Along the Ider River gers were scattered in threes and fours like dirty white beads hung on a blue thread. We sat four in the backseat of a tiny Korean Excel struggling across the boulders in the road and charging through narrow streams. Our driver, a man like a preschool sculpture, a potato body with toothpicks stuck into it for legs, stopped here and there trying to locate the family we would live with for the next two days. Gathering a bit of information from each person he asked, he’d return to the car with his too much body and rattle the car a bit further down the road.
We stopped finally in a camp of four gers and waited for our hosts to come out and hold down the dogs. With each dog safely pinned to the earth we got out and stretched our crumpled legs. We were with one of my students, Nyamtseveen, who was bringing her nephew to his grandparents to complete his haircutting ceremony. Three of my friends and I were there to ride horses, play frisbee, and eat yogurt.
We arrived in the late afternoon and spent the evening throwing the frisbee bright orange against the green hillsides. Inside the ger we were welcome to all the Mongolian dairy products we could eat while the herders were out bringing the animals back in. These people are still living the traditional Mongolian lifestyle, living off their herds and moving their home three or four times a year. With the goats and sheep bleating outside we read our books under the solar powered bulb. And when it was time to sleep, afraid I’d be too cold as usual, the man of the house covered me in his deel (the long, heavy traditional robe Mongolians wear) and tucked it under my body. I slept poorly in my jeans and woke up every time the dogs picked fights with each other in the night.
The next day, we hiked and walked down the hillside in pine tree woods where the grass was thick and heavy with wildflowers. In the afternoon we prepared for the boy’s haircutting ceremony. On the table with the candy dish were dried fruits, bowls of milk tea, and of course, bottles of vodka. I knew the rest of the day would be a rough one. So it was.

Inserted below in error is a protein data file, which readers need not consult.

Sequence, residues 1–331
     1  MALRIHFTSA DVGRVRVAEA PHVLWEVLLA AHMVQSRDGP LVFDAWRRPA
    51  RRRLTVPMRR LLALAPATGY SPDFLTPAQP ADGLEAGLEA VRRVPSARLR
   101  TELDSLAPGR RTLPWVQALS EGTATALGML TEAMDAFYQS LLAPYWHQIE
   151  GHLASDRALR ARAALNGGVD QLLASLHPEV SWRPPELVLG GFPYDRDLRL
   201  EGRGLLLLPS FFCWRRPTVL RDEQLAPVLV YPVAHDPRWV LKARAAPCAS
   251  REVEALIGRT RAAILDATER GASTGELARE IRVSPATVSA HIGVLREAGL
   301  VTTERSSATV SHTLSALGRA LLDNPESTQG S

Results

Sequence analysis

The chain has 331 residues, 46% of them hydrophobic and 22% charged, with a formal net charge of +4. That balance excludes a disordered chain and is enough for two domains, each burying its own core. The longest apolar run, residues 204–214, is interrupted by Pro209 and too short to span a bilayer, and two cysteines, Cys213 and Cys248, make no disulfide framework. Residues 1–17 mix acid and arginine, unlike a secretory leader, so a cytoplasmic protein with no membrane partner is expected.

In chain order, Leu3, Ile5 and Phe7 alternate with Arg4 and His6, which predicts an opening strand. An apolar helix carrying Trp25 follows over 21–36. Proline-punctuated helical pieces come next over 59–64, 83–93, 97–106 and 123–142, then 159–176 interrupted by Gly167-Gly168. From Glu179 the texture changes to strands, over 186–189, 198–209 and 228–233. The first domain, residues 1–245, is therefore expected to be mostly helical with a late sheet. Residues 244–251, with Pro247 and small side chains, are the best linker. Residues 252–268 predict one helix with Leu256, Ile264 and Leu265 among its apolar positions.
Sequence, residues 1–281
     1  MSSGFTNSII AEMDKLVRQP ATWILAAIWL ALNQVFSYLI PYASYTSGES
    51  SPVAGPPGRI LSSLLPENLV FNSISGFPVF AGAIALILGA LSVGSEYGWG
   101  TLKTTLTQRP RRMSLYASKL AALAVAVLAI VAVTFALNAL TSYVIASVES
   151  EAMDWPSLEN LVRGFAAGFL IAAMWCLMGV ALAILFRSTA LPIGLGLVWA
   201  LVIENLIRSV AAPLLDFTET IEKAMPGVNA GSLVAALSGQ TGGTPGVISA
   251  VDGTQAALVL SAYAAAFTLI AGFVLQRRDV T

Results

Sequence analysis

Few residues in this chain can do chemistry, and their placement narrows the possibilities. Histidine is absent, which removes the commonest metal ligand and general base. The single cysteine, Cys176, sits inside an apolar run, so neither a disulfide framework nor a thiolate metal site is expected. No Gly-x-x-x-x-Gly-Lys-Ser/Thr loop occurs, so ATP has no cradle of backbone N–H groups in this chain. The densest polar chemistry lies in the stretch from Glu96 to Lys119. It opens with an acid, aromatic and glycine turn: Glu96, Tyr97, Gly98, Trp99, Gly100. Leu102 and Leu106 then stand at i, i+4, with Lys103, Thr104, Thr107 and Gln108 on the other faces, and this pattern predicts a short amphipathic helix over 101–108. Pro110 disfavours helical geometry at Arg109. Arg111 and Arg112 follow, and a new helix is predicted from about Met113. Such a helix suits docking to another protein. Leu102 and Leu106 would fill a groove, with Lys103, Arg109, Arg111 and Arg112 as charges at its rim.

We passed the scissors and cut hair. The boy ran around in his deel, king of the castle, receiving a gift with each cut lock of hair. The man passed the vodka shots and we drank the customary three drinks. We sang. And when it was your turn to sing, you drank. For a bit, it seemed things would stay in hand. The man had a lot to say. He talked about religion. My Mongolian is good enough to know that he was talking about roads and religion and that it didn’t matter to him what religion anyone practiced. My friend, whose Mongolian is very strong, explained the man was saying that he’s Buddhist, but it didn’t matter if we were Christian or Muslim or anything else, because all religions are just different roads to the same destination. We agreed and I loved that. It makes me sad to think about home.. So many people in America think they have things exactly right, are terrified to share the beautiful lives and ideas of other people.